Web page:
The Courier News from Blytheville, Arkansas on May 16, 1949 · Page 2
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May 16, 1949

The Courier News from Blytheville, Arkansas · Page 2

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Blytheville, Arkansas
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Monday, May 16, 1949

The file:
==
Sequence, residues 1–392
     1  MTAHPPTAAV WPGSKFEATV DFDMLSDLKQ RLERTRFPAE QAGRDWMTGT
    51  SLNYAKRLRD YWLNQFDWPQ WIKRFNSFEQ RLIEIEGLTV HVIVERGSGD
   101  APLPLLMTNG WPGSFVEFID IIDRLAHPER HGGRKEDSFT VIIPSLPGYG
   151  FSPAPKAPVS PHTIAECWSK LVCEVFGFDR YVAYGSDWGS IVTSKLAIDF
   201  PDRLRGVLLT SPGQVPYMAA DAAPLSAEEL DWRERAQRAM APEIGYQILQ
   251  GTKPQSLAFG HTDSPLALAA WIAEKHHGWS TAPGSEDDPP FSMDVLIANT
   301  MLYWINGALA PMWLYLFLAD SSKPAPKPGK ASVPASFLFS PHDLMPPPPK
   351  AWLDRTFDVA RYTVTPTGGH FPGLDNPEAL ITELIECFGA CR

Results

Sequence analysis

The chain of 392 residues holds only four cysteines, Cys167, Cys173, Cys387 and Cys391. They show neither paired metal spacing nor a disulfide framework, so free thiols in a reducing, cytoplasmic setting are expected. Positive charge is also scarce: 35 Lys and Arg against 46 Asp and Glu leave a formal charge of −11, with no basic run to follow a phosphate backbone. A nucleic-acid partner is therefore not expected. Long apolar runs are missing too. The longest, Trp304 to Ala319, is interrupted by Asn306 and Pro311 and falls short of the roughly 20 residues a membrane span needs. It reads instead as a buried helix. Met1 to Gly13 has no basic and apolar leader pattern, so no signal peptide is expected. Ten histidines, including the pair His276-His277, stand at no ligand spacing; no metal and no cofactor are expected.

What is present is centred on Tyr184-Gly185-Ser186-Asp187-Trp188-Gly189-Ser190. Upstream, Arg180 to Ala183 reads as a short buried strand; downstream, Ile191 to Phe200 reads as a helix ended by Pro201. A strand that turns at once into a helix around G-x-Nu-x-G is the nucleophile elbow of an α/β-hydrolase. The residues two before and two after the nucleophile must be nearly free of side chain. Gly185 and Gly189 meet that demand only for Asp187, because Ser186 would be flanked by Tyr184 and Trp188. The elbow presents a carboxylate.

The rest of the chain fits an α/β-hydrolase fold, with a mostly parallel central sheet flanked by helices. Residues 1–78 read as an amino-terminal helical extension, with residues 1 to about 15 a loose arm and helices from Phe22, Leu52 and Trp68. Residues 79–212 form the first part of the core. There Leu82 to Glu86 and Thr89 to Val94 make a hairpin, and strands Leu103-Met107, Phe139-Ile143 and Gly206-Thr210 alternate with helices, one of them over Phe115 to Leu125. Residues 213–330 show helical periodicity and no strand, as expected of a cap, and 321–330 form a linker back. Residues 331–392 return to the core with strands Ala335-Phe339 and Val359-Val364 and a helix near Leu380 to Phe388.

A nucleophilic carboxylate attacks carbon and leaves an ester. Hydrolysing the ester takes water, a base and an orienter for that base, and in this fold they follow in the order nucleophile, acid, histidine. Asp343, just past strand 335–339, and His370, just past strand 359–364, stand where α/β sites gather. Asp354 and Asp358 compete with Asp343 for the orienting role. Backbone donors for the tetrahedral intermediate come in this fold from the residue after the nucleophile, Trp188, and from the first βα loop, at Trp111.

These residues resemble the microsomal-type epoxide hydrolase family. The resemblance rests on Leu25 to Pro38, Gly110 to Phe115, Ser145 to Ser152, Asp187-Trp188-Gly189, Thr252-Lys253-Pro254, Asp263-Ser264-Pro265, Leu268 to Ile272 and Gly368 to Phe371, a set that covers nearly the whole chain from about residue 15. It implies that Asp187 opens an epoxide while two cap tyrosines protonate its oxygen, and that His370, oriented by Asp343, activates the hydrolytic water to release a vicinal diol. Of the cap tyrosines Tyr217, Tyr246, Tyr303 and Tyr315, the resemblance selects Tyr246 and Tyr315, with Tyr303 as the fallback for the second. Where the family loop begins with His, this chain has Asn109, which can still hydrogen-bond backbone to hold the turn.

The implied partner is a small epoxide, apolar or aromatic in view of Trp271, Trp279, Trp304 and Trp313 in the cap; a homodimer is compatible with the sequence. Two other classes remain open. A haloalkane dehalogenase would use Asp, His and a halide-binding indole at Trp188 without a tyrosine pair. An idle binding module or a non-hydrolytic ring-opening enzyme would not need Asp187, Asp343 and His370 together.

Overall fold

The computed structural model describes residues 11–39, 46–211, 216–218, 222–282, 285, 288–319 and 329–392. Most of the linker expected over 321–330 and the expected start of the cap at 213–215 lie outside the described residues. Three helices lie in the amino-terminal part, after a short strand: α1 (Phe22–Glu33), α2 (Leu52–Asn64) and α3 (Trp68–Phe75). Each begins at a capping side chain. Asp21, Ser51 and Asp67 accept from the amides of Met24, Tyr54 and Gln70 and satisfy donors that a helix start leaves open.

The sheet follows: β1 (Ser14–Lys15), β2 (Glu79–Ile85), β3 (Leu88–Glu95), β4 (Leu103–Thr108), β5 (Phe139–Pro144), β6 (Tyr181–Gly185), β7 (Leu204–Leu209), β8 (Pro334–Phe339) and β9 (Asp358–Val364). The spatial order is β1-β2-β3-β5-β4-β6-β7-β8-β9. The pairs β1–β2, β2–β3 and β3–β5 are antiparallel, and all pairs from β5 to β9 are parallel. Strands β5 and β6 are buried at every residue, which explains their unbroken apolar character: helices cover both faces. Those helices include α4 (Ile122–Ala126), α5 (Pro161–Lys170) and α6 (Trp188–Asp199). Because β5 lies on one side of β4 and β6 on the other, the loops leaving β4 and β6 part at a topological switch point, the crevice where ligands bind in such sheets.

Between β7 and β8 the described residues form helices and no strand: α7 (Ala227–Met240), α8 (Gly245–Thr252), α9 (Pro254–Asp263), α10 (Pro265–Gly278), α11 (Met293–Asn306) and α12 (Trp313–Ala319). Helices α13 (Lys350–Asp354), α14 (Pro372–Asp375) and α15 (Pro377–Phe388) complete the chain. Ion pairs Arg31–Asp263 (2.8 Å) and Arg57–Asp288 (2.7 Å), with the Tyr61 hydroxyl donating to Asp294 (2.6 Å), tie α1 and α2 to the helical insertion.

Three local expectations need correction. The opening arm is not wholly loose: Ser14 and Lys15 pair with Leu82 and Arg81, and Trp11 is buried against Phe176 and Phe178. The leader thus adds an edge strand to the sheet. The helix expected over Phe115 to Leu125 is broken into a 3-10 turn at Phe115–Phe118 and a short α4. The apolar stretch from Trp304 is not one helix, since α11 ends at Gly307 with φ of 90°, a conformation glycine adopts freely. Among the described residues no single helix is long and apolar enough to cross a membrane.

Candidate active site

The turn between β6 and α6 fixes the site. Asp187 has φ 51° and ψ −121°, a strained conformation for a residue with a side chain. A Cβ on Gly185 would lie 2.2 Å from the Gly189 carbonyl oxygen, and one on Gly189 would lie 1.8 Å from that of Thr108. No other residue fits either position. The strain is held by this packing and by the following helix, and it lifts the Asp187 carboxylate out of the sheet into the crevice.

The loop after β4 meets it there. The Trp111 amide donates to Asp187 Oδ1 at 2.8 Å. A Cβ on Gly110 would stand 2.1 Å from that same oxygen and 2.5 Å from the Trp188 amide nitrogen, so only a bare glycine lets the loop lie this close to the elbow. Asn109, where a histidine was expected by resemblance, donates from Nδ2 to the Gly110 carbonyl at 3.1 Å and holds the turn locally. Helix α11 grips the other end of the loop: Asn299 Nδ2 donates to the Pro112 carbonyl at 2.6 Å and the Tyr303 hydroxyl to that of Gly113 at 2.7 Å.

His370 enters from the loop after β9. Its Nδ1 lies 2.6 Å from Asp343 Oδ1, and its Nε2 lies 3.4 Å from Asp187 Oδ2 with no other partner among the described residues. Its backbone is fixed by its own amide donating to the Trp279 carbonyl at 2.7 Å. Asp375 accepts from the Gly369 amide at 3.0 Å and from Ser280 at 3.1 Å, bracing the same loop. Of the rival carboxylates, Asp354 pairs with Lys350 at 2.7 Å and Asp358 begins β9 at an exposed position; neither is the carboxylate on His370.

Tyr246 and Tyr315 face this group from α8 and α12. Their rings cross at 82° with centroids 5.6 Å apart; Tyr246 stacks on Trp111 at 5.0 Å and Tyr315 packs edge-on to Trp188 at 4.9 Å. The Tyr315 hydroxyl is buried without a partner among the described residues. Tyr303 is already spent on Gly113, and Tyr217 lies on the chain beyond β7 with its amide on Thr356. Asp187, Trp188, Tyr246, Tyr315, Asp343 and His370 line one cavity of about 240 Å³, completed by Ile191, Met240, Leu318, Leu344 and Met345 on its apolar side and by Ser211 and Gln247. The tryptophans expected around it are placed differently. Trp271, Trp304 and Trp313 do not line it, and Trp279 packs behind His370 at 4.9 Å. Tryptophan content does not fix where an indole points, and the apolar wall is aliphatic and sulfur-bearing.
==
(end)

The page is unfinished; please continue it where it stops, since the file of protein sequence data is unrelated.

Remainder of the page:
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f Ad TWO BLYTHEVrLLE (ARK.) COURIER NEWS MONDAY, MAY 1«, 1941 Outlook In Iran Is Bleak Rtittraii Attitude Toward Nation Pot** Questions WASHINGTON — (*; — Springtime In Ir»n do«»t look very pretty this year from the Wellington perspective. Russia has been Involved in seve- nl Iranian border "incidents". The HussUn r»dk> Is becomlnj more •ctrve *nd more violent each d»y in Itg »ttacks on Iran and its American military advisers. Russia on March W even demanded that Iran withdraw its consuls from Russian territory and announced that it was taking all Soviet consuls from What does all this mean? Dlplo- Costing of Congressional Decision Pits Political vs. Personal Views By Clarke Beach WASHINGTON — What do Con- grestmen think about wh«n they cast their votes In the House of Representatives? Many of them h«ve thinking apparatus** with i kind of high «nd low «ear. This was clearly demonstrated when two votes were taken on a motion lo kill the veterans' pension bill. One the Jlrst vote the majority of Congressmen decided to kill the bill. On the second vote taken within an hour, the majority province. Iran 1 * appeals to the United Nations Security Council was firmly supported by the United Unlt«J States, and world opinion strongly opposed the Russian side ol the case. Iranian government forces moved into Azerbaijan early In 1M7, anci the revolt collapsed. It was th« unl- V H l [' mat* see two posslbllltie*: 1. Russia might be merely stepping up its war of nerves. An appeasement parly- might develop In Iran. But, say officials in close touch with Tr*n, Communism has made little progress there. a. Russia might be contemplatlnc invasion. Iran may look like the softest spot. The big question would be' Whit would the United States dot Perhaps the Kremlin cannot conceive of America's taking up Russia'.-, challenge to a Ihlrd world war to protect the sovereignty oi far-away Iran. No Beasea T» Sl»p But some diplomats see the situation as comparable to Hitlers first aggressions. Once Russia had 'succeeded in an invasion, they say ' there would be no reason to stop In '"Iran All the Middle East would •be open to it. With half the world 1 , oil, the Suei Canal and other com munlcatlon lines, military opera tlons against Africa would beoom possible, and Turkey's position wou! become untenable. U') to now Russia has never dlr ectly Invaded another state. In som Communist expansions like those 1 Poland and the Balkans, the Red 'Army was there first. It had merely to watch while local communists seized power. In others, like Czechoslovakia, native communists did the work, aided only by propaganda and Intimidation from Russia. The American position has been made clear. Iran, Turkey and Greece .have revealed their fear that America's entrance into the Atlantic Pact might have weakened TJ. 8. Interests in the fate of the Near and Middle East. But Secretary of Slate Acheson on March 23 said publlclly that this country is as deiermined as ever to block Soviet expansion '.Into the Middle East. As for the Russian tale about ou establishing ourselves in Iran, Ache •on said we have no bases there ant plan none. We have 62 officers an enlisted men in Iran, one misslo training the Iranian army in house '. keeping duties and another mlsslo . training the police force. The Iran i»n government also Informed th Soviet Government on Feb. 19 tha the Americans in Iran were "employed only as technical advisers anri by no means In any position of command In the Iranian Army." Wanted Claux As to what Russia's thought might be about Iran, the specialist* point to the State Department document, "Nazi-Soviet Relations, 1*38-19*1." When Hitler sought to draw Russia into a J\>ur-Power Pact with Germany, Italy and Japan, the Soviet Union agreed to enter (the offer later being rejected by Hitler) if this clause were included in the pact's text: '•Provided that the area south ol Bstum and Baku In the general direction of the merslan Gulf Is recogniied as the center of the as- piratloris of the Soviet Union." (The Persian Quit is on Iran's southeast- «nr coast). After the mar Russia at least •Ticuuraged a coup by which so- called siitonomeu* Republic orf Azerbaijan was s«t tip by native Communists in Iran's northernmost ted Nation's first big victory and a serious setback to Russia. The Iran- Ian question U still on the agenda f the security Council. decided nol to kill It. On the first vote the House was sitting as a "committee of the whole" when an Individual's vote s not recorded. On the second tent the body was sitting as the House of Representatives, and a record was kept of how each member was voted. When the vote wns liikcn In committee status, 163 members voted to kill the measure. When they voted In House status, only 12 voted lo kill. Thus at least 43 Con gressmen either switched sides o failed lo vote when the roll wa called. "I voted on principle when in vote wasn't on llic record," on well-known Iciilslnlor Jovially ex plained. "When I was on the re corci, I rose above the principle an voted politically." Another mcmbc one of the 120 who stuck by n original -otc. got a Rood nature slap on the bac'- from a colleagu after the balloting was over. 'Well, guess we won't be seein ou around here any more after «xt year," said the colleague. "It's reat to be » statesman. But I'd ather be a live Congressman than dead statesman." Rep. Javlts (R-NY) said on the loor that he had made up his mind fter a sleepless night to vote a- galnst the pension measure. "II we arc taken In by this, we don't deserve to be trusted with the destiny of America, much less that of the world," he remarked. One congressman told this re- lortcr that on every roll call vote some member or other risks nls political future by voting In * way that he knows will be unpopular among his constituents. The folks hack home probably won't read the Congressional record, and many of them will not Know at the time how he voted. But there is always someone back home waiting for him to make » slip. That someone undoubt- attvw. Many Mr that •ven'.ually they w»nl to do something rood for th*lr country but that If they don't staj in Congree* they'll never be able to do It The issues which can be poisonous generally concern the constituents' pocketbooks, one Congressman mused. Their pensions, taxes, agricultural and other subsidies, the building of public work*, the extension of government control* over busl- nes*. Some of the poisonous Issues, he went on, carry their own con- rols antidotes. If you cut a vote for oleomargarine, you antagonise the dairyman but you gain the support of th* housewlve*. If you cast a vote that angers labor you gain the support of management. If you back rent control you make landlords your enemy but gain friends among tenants. ectly will use the record against him when campaign time comes. II he is licked, he won't bf in Ihc House to vote the right way when some other measure comes up which may be more important. Thus runs the philosophy of many members, says one seasoned Represent- of his colleaguse: "Their voting for pens'nn isn't o much a matter of slirc J political analysis, "hey are being controlled by their tears. They don't know how good a case there is against taking up veteran's pensions at this time without thorough committee spade-work on the thing. "I think If the leadership of the House had taken a stronger poslllon and had come up with good strong arguments, their courage could have bolstered. I don't think I've killed myself politically by opposing this bill. I believe the people of my district will approve of what I've done when they hear what I have say about it." "But whe you cast a vote that seems to be against veterans," he continued, "there's nobody to save you. Nobody is opposed to veterans Least of ill me." (He is a veteran himself). Another war veteran, who U » freshman in th» House, thus analyzed the frame of mind ol many It is estimated that If the world's entire population were to star counting the number of atoms lr one drop of water, it would take 10,000 years to finish the Job. American women spend an e mated tl.OOO.OOO.OOO a year on cos metlcs and perfumes. Read Courier News Want Ads. wtm COTTON FARMERS Chemically delliited cotton seed terminate qukker, »la»t and pl»* the unw week. Redact dwppinf «p«nat and produce more e*U«n per acre. STATE CERTIFIED VAKIETIEI AVAILABLE _. .. P. L. No. 14. ftl 5» Lb. Bag IM.JJ I). * P. L. N«. 15, tw 5« Lb. Bag a«.M I* Z B, Per S« L.. Bat !•••• Stonevllle 2 C. 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